Swimsuits, sundresses and showstopping statement gowns take centre stage as Haiti hosts first ever fashion week
22:04 GMT, 12 November 2012
World-class fashion has gone on display in impoverished Haiti.
Nearly three dozen designers showed off their latest creations at Haiti Fashion Week, which ended Sunday.
Organizers say it is the first time such that a fashion show of this scale has taken place in the Caribbean country, which is still slowly rebuilding from the massive earthquake in 2010 that destroyed thousands of buildings and displaced more than a million people.
Showstopping: Creations by Haitian designers Savannah Savary (left) and Miko Guillaume (right) had a moment in the fashion spotlight this weekend as the country hosted its first ever fashion week in Port-au-Prince
Hat's magic: A straw headpiece by Haitian designer Gaelle Nerette during Fashion Week in Port-au-Prince
The European Union-backed fashion
show was a rare forum for Haitian designers to bring wider attention to
their long-overlooked work.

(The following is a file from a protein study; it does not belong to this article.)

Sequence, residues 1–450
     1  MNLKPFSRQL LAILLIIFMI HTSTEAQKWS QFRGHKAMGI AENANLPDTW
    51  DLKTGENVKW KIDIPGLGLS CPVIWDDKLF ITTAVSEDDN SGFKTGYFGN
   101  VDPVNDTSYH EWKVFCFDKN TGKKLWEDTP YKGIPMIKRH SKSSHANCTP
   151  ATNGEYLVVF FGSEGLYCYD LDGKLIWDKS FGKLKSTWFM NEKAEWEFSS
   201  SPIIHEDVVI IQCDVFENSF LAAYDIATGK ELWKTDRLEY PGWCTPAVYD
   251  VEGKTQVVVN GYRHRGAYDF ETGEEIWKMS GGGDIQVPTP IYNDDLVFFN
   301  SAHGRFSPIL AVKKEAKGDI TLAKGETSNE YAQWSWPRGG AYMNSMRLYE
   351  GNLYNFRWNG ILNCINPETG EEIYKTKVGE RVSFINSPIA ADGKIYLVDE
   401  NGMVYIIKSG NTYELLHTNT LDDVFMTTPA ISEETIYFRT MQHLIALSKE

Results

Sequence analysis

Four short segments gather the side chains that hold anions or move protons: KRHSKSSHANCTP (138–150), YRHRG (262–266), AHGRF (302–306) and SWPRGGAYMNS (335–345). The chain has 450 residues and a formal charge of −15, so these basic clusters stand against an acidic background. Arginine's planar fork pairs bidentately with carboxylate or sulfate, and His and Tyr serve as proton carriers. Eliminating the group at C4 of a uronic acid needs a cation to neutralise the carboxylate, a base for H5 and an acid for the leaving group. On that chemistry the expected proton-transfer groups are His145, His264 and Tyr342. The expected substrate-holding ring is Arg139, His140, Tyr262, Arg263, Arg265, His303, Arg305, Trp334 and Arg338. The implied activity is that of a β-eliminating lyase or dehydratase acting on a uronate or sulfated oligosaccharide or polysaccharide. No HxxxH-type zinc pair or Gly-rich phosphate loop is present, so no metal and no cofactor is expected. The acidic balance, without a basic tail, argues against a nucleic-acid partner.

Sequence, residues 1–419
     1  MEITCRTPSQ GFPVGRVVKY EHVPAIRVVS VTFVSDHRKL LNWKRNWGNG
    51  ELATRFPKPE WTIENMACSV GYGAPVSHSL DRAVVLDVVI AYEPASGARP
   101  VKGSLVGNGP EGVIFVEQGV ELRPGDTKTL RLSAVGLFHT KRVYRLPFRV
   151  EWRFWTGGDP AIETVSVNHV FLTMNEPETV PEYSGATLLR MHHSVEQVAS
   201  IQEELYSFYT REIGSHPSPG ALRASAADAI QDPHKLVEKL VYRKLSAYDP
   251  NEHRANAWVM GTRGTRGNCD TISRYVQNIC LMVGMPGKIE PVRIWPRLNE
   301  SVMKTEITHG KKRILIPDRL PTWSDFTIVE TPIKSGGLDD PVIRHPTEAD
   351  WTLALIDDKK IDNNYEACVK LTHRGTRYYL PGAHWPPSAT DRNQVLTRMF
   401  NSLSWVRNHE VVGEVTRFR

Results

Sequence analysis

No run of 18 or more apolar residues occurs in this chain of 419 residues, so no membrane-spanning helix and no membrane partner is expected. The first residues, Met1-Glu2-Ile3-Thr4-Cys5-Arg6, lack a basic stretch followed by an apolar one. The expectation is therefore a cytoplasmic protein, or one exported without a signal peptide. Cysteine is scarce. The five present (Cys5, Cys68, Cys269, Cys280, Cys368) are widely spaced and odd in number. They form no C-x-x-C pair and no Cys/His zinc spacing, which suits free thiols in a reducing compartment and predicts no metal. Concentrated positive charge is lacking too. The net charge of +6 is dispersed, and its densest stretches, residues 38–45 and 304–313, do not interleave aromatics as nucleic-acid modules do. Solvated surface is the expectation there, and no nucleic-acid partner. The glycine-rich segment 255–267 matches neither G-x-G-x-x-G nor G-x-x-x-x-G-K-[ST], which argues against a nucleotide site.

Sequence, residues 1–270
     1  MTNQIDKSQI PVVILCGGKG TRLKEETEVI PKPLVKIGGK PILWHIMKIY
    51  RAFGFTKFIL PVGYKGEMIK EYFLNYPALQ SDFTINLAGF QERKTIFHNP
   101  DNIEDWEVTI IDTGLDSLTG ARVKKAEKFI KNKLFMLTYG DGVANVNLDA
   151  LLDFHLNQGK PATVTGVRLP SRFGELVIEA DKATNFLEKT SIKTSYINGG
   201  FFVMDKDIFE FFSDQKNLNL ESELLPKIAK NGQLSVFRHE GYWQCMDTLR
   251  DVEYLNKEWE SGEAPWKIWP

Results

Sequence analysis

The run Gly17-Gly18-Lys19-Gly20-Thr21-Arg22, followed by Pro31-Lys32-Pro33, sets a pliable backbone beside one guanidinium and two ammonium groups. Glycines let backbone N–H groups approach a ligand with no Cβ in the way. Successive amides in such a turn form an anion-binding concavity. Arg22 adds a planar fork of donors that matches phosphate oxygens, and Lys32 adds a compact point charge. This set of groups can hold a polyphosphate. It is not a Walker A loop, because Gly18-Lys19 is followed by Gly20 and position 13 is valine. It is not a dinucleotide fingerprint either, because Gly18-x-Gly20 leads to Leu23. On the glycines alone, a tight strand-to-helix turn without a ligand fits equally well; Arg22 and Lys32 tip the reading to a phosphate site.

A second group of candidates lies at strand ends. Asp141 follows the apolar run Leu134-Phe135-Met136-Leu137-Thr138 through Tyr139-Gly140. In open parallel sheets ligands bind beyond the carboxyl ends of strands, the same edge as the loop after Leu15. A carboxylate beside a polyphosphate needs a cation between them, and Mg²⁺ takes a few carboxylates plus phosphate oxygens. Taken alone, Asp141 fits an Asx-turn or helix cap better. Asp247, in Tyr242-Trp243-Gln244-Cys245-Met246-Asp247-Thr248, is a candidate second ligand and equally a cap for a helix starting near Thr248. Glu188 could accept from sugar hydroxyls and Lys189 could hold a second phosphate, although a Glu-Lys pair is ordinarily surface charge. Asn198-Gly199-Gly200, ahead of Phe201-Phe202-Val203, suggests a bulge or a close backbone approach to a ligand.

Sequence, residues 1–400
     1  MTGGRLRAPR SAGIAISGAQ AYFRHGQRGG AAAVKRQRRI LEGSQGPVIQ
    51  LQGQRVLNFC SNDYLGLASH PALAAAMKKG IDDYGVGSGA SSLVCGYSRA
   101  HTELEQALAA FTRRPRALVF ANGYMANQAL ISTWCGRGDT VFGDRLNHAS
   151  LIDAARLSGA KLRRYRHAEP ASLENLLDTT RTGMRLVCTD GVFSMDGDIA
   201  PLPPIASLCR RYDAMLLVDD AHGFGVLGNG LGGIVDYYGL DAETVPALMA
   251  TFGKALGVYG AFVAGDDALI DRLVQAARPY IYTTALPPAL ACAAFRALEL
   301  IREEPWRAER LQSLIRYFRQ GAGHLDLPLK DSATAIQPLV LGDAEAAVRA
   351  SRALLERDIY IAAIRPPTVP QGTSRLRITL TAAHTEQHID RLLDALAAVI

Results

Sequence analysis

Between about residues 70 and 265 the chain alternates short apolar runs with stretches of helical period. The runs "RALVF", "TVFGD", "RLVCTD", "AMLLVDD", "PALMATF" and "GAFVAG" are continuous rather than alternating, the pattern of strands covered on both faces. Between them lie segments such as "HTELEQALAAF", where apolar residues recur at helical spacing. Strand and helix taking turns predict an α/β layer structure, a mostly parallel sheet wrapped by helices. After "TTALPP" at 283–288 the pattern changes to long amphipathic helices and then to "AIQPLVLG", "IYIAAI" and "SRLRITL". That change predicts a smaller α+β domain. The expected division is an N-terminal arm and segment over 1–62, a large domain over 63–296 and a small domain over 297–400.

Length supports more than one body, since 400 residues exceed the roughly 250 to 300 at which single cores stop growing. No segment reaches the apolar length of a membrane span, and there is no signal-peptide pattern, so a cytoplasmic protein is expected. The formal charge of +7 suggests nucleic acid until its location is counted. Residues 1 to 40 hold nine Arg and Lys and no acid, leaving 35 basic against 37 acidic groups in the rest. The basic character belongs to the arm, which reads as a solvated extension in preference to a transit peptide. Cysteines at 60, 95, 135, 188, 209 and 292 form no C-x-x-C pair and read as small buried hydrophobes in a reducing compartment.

Many of the garments on show
reflected the country's tropical climate, with swimwear, sunhats and
light layers the order of the day.
A dress to impress: An evening gown by Haitian label Verona has a dramatic painted skirt
Fashion moment: Among the designers showcasing collections in Port-au-Prince this weekend were Sybille Denis Touat (left) and Miko Guillaume (right)
Nothing allows a designer to show off
their skills like eveningwear though, so there were plenty of statement
ballgowns and showstopping beaded jewelry.
Dominican designer Socrates McKinney
says Haiti has 'a very strong culture, and that in some sense has to be
reflected in the fashion.'
Global spotlight: Visitors came from places as close as the Dominican Republic and as far as Japan
Visitors came from places as close as the neighboring Dominican Republic and as far as Japan.
It follows further strife caused by Hurricane Sandy, which
brought several days of drenching rains, causing rivers to overrun
their banks across much of southern Haiti. Officials say as much as 70
percent of crops were destroyed in some areas.